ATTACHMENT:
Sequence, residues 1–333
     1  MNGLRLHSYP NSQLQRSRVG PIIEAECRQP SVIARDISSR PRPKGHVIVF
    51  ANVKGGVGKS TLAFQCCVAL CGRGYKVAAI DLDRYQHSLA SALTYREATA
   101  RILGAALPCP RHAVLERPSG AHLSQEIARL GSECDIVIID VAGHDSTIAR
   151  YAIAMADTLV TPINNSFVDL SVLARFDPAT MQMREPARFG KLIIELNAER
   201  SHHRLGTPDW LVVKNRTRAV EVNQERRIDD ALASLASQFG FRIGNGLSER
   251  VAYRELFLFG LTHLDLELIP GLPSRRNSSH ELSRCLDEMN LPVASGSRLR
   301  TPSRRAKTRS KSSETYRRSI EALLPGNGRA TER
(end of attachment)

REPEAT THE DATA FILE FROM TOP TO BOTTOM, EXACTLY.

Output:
Sequence, residues 1–333
     1  MNGLRLHSYP NSQLQRSRVG PIIEAECRQP SVIARDISSR PRPKGHVIVF
    51  ANVKGGVGKS TLAFQCCVAL CGRGYKVAAI DLDRYQHSLA SALTYREATA
   101  RILGAALPCP RHAVLERPSG AHLSQEIARL GSECDIVIID VAGHDSTIAR
   151  YAIAMADTLV TPINNSFVDL SVLARFDPAT MQMREPARFG KLIIELNAER
   201  SHHRLGTPDW LVVKNRTRAV EVNQERRIDD ALASLASQFG FRIGNGLSER
   251  VAYRELFLFG LTHLDLELIP GLPSRRNSSH ELSRCLDEMN LPVASGSRLR
   301  TPSRRAKTRS KSSETYRRSI EALLPGNGRA TER